It is to be noted that Affectiva is a well-known facial emotion depository and currently, is the world’s largest. Co-founded by Rana el Kaliouby, it supports researchers to detect the underlying feelings of people. The company has now released a software development kid, dubbed as Affdex. With the help of this kit, developers can create apps for iOS that provide unfiltered emotional data. If it starts happening at large scale, this can motivate people and aid the doctors to curb down the negative emotions. Stress, depression, binge eating and suicidal tendencies will be detected in time and controlled via self-control as well as by recognizing the triggers of such behavior.
Likewise, we have Studio XO with the technical backup of Lady Gaga’s Haus of Gaga. The studio takes pride in designing interactive fashion with a focus on wearable tech. The studio was in news for creating Lady Gaga’s Flying Dress, Volantis and then for “Bubelle”, a dress that changed color in accordance with the mood of the wearer. It was hailed as futuristic fashion of the year 2020 and was laced with biometric sensor. But if you have even the slightest vision for aesthetics, you know that it was a sheer horror and assault on senses.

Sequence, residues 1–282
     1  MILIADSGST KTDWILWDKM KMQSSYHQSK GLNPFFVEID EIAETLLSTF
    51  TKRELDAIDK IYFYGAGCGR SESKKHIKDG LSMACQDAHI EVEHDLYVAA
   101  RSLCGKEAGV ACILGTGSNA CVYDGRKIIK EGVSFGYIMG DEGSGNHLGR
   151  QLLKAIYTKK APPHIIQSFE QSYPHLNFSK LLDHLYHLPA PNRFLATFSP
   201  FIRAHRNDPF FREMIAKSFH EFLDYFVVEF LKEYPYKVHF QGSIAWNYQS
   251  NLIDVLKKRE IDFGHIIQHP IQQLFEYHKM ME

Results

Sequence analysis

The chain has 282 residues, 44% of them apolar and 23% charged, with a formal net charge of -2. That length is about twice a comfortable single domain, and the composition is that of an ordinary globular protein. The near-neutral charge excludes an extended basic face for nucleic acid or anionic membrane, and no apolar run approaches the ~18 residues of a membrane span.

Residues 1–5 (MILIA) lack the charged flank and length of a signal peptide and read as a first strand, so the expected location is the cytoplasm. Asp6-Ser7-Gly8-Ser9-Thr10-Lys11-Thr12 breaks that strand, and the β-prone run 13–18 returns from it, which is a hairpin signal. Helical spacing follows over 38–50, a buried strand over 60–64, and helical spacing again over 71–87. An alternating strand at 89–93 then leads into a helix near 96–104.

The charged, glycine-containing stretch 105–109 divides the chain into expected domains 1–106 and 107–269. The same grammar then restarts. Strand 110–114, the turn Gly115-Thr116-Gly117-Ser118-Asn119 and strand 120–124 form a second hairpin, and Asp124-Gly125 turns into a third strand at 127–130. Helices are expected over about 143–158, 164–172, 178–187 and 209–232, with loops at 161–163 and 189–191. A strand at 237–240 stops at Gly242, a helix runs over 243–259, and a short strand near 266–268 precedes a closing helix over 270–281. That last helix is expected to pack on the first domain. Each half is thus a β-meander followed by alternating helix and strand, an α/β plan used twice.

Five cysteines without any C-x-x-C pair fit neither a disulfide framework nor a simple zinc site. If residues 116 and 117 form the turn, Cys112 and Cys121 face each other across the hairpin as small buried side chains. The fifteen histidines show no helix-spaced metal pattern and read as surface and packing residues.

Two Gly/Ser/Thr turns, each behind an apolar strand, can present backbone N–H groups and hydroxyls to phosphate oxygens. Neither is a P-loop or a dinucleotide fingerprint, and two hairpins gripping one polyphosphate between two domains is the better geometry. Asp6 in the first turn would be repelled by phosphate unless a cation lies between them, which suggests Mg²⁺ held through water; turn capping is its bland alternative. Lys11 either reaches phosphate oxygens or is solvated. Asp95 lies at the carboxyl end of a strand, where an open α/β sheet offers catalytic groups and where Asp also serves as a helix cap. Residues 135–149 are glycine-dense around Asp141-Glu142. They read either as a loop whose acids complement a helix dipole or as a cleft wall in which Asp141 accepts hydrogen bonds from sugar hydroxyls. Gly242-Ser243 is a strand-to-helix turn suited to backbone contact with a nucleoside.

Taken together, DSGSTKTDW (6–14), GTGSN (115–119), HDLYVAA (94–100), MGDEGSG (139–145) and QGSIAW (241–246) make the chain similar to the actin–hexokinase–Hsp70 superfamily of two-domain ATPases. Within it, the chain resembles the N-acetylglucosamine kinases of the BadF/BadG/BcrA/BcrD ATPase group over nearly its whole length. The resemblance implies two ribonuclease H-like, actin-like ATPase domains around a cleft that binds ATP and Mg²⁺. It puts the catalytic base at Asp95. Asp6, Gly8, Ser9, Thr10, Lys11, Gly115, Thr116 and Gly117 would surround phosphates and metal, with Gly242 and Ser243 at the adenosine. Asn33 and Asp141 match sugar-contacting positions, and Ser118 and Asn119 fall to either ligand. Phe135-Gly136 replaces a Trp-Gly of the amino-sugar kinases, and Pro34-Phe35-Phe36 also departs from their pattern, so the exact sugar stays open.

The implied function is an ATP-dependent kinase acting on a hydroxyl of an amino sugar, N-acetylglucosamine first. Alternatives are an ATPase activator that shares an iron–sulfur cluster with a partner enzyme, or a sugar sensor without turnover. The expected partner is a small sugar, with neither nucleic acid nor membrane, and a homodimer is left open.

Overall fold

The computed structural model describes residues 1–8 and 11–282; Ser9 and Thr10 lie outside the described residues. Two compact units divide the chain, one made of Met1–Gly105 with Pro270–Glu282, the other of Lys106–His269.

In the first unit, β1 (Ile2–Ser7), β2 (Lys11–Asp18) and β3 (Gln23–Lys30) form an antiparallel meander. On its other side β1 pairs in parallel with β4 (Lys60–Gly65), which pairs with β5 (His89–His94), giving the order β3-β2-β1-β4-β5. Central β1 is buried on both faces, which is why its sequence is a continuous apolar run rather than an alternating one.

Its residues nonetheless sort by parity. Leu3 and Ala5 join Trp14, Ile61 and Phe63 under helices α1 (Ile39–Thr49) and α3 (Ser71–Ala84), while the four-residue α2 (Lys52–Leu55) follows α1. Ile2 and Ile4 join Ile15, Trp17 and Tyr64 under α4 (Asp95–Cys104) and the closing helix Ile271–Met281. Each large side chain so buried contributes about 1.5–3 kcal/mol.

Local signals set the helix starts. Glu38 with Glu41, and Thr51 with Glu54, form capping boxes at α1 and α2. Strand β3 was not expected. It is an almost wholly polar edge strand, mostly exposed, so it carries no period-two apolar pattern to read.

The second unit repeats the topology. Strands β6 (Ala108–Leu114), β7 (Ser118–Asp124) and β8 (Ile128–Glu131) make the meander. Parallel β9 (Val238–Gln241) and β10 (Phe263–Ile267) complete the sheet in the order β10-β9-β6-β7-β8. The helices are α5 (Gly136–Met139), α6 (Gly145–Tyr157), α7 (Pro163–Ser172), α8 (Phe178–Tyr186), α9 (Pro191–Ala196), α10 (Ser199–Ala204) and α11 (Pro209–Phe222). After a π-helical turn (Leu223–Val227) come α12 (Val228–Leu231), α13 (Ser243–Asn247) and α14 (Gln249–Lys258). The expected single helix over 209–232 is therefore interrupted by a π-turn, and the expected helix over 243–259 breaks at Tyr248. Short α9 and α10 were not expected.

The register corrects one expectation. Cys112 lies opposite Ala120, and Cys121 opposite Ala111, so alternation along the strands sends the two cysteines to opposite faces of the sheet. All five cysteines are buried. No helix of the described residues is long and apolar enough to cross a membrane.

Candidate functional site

Well, now XO has come up with Galvactivator that reads the arousal level for people using skin conductance technology. The E-meter of Church of Scientology is based on it. Sweating is also one of the components of lie-detector test.
Moreover, in the segment of emotional sensors, we have Neurotiq headdress that is designed and conceptualized by a San Francisco-based designer, Kristin Neidlinger. This headdress rolls in EEGs, skin-detectors and heart rate monitors to track the well-being of the wearer.
Unseen, a design studio based in London, has grown Swarovski crystals in its lab to detect the brain pattern. The crystals are dipped in a special ink to react to the brain pattern.
How does emotional wearable tech work? Does it work at all?